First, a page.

I have a townhome. For utilities, my bill is around $110-$120/month outside of peak heating/cooling months and $140-$150 during peak heating/cooling months. I do have an AC. Pre-covid I usually just ran it for a couple hours when I got home from work to cool the place down. When covid hit, I became full time work from home and definitely used it more last year just because I was home more.

With a townhome, typically the HOA owns the outside of the place. My HOA takes care of snow removal and landscaping. They also responsible for the outside of the structure, painting, roof, etc. That comes with a price as townhome HOA's will be more expensive than a single family home HOA(my HOA fee is for the townhome is $190/month).
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Old 02-03-2021, 04:09 PM
 
6,273 posts, read 8,633,077 times
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I live in a small detached home in Security. My water bill is usually about $35-45, trash is $45/quarter, gas heat varies but averages maybe $30/month, electric averages maybe $45/month. Snow removal you should really ask about because most neighborhoods here really don't have much snow removal even on the streets let alone sidewalks. In the middle of winter, my gas heating bill is maybe $60-90. I have AC and am VERY glad to have it in summer.
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Old 02-04-2021, 06:30 AM
 
Location: SW Florida
14,180 posts, read 7,394,163 times
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Wow - I was expecting the gas bills to be much higher. My electric bill runs about $80-90 in the cooler months and around $130 in the summer. Our water bills here in SW Florida are quite high and my last one was actually $30 more than the electric bill. (My house is all electric). There are three of us living here now but even when it was just me my water bill was around $80 a month but that includes the sewer charge. What do most people there keep their thermostat set at in the winter?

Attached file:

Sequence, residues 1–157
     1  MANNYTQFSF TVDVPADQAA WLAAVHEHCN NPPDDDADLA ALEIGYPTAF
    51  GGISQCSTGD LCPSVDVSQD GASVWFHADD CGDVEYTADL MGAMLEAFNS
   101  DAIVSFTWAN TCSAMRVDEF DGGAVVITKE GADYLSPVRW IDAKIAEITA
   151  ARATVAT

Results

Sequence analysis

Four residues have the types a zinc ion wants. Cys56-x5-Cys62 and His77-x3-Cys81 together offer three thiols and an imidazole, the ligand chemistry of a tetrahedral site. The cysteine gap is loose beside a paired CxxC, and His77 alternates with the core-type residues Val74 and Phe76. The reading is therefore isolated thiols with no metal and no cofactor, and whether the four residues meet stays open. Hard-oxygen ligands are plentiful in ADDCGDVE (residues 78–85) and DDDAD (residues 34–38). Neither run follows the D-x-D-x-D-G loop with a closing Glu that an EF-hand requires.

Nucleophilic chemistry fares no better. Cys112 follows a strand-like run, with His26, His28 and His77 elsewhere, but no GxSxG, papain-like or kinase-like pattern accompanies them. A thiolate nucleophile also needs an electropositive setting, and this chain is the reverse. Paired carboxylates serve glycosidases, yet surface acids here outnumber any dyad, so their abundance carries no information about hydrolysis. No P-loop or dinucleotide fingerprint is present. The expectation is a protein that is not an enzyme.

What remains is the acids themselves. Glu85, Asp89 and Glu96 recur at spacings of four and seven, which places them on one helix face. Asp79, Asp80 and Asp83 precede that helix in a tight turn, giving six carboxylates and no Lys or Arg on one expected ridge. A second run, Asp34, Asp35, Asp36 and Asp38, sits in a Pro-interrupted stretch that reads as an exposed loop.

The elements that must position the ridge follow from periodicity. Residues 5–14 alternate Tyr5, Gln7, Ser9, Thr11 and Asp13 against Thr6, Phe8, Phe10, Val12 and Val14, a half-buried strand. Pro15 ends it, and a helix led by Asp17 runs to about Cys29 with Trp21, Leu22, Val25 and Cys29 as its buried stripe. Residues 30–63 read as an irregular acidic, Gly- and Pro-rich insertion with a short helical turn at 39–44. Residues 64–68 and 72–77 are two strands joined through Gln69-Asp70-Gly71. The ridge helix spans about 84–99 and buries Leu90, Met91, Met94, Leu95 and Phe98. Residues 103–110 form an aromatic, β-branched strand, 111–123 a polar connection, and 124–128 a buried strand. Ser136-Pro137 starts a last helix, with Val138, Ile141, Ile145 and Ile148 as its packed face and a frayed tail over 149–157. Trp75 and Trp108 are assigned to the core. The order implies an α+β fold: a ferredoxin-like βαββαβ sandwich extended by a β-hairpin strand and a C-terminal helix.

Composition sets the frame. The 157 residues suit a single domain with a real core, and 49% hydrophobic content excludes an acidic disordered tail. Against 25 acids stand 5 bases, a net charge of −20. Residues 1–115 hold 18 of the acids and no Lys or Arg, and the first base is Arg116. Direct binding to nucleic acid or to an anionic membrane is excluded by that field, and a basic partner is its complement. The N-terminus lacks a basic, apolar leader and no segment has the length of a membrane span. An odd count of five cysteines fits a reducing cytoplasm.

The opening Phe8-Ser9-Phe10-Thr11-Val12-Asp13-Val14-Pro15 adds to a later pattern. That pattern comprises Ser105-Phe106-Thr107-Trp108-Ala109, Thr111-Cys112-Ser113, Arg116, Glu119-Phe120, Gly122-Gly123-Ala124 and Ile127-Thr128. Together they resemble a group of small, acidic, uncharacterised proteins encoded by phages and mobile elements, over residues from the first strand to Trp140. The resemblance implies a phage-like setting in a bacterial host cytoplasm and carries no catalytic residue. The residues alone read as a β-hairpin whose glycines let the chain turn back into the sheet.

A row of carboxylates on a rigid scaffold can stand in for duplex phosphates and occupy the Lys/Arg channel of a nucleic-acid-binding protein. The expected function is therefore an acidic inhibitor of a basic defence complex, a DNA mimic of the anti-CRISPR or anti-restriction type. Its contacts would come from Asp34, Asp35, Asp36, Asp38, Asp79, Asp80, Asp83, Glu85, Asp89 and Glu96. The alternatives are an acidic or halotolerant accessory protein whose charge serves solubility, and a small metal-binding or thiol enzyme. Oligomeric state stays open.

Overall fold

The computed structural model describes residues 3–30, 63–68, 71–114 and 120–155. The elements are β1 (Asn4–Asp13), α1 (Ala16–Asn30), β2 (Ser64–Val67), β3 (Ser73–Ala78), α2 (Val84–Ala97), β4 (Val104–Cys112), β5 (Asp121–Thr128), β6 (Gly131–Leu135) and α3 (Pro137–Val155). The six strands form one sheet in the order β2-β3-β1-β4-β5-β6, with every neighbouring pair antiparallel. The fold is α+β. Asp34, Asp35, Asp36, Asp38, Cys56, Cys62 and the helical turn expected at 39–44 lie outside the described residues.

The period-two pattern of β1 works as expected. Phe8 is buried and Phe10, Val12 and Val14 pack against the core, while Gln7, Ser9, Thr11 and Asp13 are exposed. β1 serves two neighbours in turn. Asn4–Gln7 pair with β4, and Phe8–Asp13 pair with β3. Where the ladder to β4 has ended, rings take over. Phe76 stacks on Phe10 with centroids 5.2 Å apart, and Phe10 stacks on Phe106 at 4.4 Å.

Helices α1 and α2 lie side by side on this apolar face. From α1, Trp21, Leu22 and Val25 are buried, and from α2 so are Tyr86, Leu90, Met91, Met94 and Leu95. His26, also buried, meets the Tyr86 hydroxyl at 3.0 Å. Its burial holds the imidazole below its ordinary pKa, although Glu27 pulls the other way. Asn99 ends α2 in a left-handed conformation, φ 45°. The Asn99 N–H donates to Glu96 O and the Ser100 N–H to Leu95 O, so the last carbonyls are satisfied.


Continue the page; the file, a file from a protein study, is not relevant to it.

I check the weather in Colorado Springs every day and I don't remember seeing too many hot days there. When it's hot is it humid or dry? Any wildfires there?
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Old 02-04-2021, 07:48 AM
 
Location: Colorado Springs
3,786 posts, read 3,207,305 times
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Humidity in Cos averages single digits through most of winter and low teens and twenties through most of the summer. There certainly are exceptions when humidity is much higher, such as during storms, but those high figures are not the norm. The dryness here is how we get the acclaimed "champagne powder" that CO ski resorts are famous for.

Cos rarely gets wildfires near the city. Fort Carson does have occasional grassfires from training, but they typically can be put down within a few hours. The Waldo Canyon in 2012 and Black Forest in 2013 were both significant wildfires that were both in and near the city and were somewhat exceptional. The next closest one was the Hayman in 2002 which was 35 miles away. However, due to the atmosphere in the west, it is possible for us to get smoke and ash from fires that are easily several hundred miles away.

Will we have more wildfires in or near the city, its hard to say exactly. There are some places in the city that have potential risk of these. As the population increases, the opportunity for them similarly increases and I would have a hard time saying the worst times for this are past us. IMO, they may be ahead of us.

Cos Utilities also offers a budget billing program where they can take an annual survey of your utilites and amortize it over 12 months. This is a great way to flatten out those spikes of exceptionally hot or cold months. However, you have to live in a place attached to city utilities. This wouldn't apply to Monument, Fountain, Manitou, etc.
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Old 02-04-2021, 09:42 AM
 
1,281 posts, read 1,501,654 times
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Colorado Springs rent prices are reasonable if you have plenty of money, it is a city for the upper-middle class with money, it is no longer the affordable place to live, with all the high paying jobs the current market rate is getting closer and closer to the other cities everyone wants to move to, San Diego, Raliegh, and Austin, ( according to a recent article about millennials )
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Old 02-05-2021, 07:21 AM
 
Location: SW Florida
14,180 posts, read 7,394,163 times
Reputation: 29175
I've discovered that CS is out of my price range. Oddly enough there was something on MSN listing the top 10 most expensive places to retire and Colorado was number 2 right after Hawaii.